Star-Bulletin Features

Tuesday, January 26, 1999

By Dennis Oda, Star-Bulletin
Chris Preston, left, and Dick Fiske examine Preston's
model of the USS West Virgina. Fiske, a survivor of the
1941 attack on Pearl Harbor, was aboard the West Virgina.

Model maker
scales the past

By Burl Burlingame


More than half a century ago, Marine bugler Dick Fiske called the great battleship West Virginia home. He strolled her wide decks after evening chow, marveled as her clipper bow knifed through mountain-sized waves, traded sea stories with the sailors, felt part of the vast humming hive that made up a battleship and crew.

It felt as if the ship were alive, a creature of steel and teak, and the crew was the lifeforce that swam through her veins.

Within a few minutes on Dec. 7, 1941, eight Imperial Navy torpedoes blew out the ship's port side and West Virginia lurched onto the bottom of Pearl Harbor, bending her spine. Fiske was homeless.

The ship was raised and rebuilt, and participated in fierce fighting during the last year of the war, but she was never the same again. Fiske survived the war as well, and volunteers as a Pearl Harbor survivor at the Arizona Memorial Visitor Center. His days on the "WeeVee" are a distant memory.

When policeman Chris Preston of Victoria, British Columbia, began building a model of the West Virginia, he had the sacrifices of veterans like Fiske in mind. Model manufacturer Tom Harrison of Tom's Modelworks had contacted Fiske while creating the kit, and Preston agreed to build up the "test shot" of the kit.

The kit, in 1/350 scale, makes for a battleship model about a foot and a half long and has hundreds of detailed pieces. As he completed the model, Preston and Harrison thought it appropriate that Fiske be presented with the finished product. So, when Preston -- a reservist in the Canadian military -- flew to Barbers Point recently, he brought the completed model with him. It's mounted in a case, portrayed ploughing through an "ocean" of acrylic glaze.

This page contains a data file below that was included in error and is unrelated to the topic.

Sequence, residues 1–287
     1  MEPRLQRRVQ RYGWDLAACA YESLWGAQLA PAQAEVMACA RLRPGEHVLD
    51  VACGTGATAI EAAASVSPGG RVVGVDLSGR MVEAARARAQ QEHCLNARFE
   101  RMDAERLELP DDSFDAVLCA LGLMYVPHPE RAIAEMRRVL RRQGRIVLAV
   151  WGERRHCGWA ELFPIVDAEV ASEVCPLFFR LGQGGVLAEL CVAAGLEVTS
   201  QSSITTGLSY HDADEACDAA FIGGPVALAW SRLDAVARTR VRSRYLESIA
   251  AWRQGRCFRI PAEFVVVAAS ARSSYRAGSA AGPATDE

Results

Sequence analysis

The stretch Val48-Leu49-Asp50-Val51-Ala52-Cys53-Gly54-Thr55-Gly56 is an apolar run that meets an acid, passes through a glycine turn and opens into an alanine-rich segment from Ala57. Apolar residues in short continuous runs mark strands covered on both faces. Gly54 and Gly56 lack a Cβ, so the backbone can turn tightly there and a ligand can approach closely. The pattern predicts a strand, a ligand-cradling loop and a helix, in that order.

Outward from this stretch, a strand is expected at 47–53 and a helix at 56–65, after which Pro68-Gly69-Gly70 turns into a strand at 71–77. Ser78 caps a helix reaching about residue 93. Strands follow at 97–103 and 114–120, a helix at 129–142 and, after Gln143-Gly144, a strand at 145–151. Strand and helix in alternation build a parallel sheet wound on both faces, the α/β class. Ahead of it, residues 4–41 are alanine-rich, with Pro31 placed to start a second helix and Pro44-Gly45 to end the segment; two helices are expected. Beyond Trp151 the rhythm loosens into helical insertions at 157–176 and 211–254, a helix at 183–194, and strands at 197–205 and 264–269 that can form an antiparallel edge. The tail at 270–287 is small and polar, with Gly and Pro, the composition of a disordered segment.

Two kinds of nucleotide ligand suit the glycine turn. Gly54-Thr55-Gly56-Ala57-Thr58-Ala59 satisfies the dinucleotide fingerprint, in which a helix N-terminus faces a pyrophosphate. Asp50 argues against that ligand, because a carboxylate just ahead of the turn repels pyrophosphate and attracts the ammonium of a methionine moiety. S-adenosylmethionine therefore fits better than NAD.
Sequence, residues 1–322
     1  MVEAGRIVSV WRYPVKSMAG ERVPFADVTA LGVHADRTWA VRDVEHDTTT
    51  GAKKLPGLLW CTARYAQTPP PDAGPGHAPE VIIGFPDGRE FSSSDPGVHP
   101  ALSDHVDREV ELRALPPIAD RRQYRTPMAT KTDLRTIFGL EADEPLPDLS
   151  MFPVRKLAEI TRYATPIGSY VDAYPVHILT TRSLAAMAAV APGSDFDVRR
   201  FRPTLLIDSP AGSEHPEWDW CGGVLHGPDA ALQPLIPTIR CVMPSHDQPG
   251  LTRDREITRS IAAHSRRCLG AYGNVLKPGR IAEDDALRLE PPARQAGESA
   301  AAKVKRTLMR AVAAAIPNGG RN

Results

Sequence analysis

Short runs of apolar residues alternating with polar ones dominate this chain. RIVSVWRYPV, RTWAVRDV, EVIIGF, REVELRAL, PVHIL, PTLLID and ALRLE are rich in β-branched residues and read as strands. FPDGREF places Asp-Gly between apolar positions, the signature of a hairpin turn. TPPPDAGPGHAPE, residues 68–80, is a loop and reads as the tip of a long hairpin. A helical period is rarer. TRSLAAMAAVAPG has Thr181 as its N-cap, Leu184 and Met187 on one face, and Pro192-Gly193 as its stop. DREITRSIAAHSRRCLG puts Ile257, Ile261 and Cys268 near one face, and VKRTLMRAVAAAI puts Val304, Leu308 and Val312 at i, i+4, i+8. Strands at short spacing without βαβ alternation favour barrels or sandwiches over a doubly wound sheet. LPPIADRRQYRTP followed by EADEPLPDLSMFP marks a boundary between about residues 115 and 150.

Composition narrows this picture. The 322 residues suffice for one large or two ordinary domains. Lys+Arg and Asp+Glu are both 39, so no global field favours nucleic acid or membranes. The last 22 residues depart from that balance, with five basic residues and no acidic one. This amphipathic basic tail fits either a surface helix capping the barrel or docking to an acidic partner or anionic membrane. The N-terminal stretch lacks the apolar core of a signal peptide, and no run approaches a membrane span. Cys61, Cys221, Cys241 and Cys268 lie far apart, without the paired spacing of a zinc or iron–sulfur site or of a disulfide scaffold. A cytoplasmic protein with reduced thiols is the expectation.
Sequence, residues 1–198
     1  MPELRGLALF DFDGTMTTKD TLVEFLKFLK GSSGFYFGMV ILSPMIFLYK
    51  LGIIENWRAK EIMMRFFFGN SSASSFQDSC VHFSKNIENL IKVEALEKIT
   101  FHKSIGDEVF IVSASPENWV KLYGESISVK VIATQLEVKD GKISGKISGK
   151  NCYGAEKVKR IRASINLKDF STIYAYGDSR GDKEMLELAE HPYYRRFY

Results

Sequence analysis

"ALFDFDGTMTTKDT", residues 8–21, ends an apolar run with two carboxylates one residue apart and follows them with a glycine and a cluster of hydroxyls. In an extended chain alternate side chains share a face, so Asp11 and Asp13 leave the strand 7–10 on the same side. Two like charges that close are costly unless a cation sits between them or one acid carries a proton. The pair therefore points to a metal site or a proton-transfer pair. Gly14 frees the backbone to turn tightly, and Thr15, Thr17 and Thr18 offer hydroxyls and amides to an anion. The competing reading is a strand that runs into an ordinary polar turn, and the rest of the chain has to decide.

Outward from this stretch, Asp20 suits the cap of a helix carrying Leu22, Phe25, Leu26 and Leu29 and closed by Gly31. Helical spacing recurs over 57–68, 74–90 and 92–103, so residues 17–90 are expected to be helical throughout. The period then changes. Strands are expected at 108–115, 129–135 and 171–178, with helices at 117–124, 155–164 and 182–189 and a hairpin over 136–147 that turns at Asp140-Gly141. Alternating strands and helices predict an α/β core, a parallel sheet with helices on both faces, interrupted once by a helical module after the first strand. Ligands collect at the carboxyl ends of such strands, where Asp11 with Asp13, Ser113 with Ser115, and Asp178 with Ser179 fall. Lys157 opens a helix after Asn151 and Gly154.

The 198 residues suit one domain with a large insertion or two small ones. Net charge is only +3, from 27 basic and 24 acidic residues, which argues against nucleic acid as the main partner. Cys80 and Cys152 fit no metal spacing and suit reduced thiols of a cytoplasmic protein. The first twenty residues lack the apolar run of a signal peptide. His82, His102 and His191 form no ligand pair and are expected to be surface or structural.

They met at the Arizona Memorial center last week. Fiske was open-mouthed at the staggering level of detail on the tiny model.

"It's like it was yesterday," he said. "I can just about tell where everything and everyone was. I can practically see the guys standing watches, the guys I knew."

"Is it missing anything?" asked Preston.

"Near as I can tell, I think only a couple of boats, and the range clocks aren't there," mused Fiske, talking about the clock-shaped disks attached to the masts for gunnery signalling.

Arizona Memorial historian Daniel Martinez pulled out several picture books of the attack, and the three pored over photos of the West Virginia aflame in the harbor. The range clocks weren't visible. "Well, well," laughed Fiske. "You got it right after all."

It's possible, said Preston, that the clocks were removed shortly before the attack.

This obsessive attention to detail is what separates "scale models" from toys, explained Martinez. Preston even mixed "scale color" to paint it with. He matched the paint scheme to color chips of Navy ships of the period, then lightened it to account for atmospheric distortion. A 1/350 model viewed from a foot away, for example, is like looking at the real thing from 350 feet away. An exact color match is too intense.

Fiske didn't care about the rationale of scale artistry. He was transported back in time, looking at a memory come to life. "I was there, on the quarterdeck, when the attack began," he said pointing. "I ran down the port side and up the ladders ..." -- he traced his path -- "... to my position on the bridge. We saw the white wakes of the torpedoes coming in. They hit, here! And here! God, the noise they made."

Fiske said he was near tears.

"I can't explain how I feel too much. If I do, I'll break down. It's the most beautiful model I've ever seen in my life. I'm in seventh heaven."

And so Fiske, the tough Marine veteran, and Preston, the laconic cop, shook hands the way guys do, long and hard, when there's too much to say and words are inadequate.

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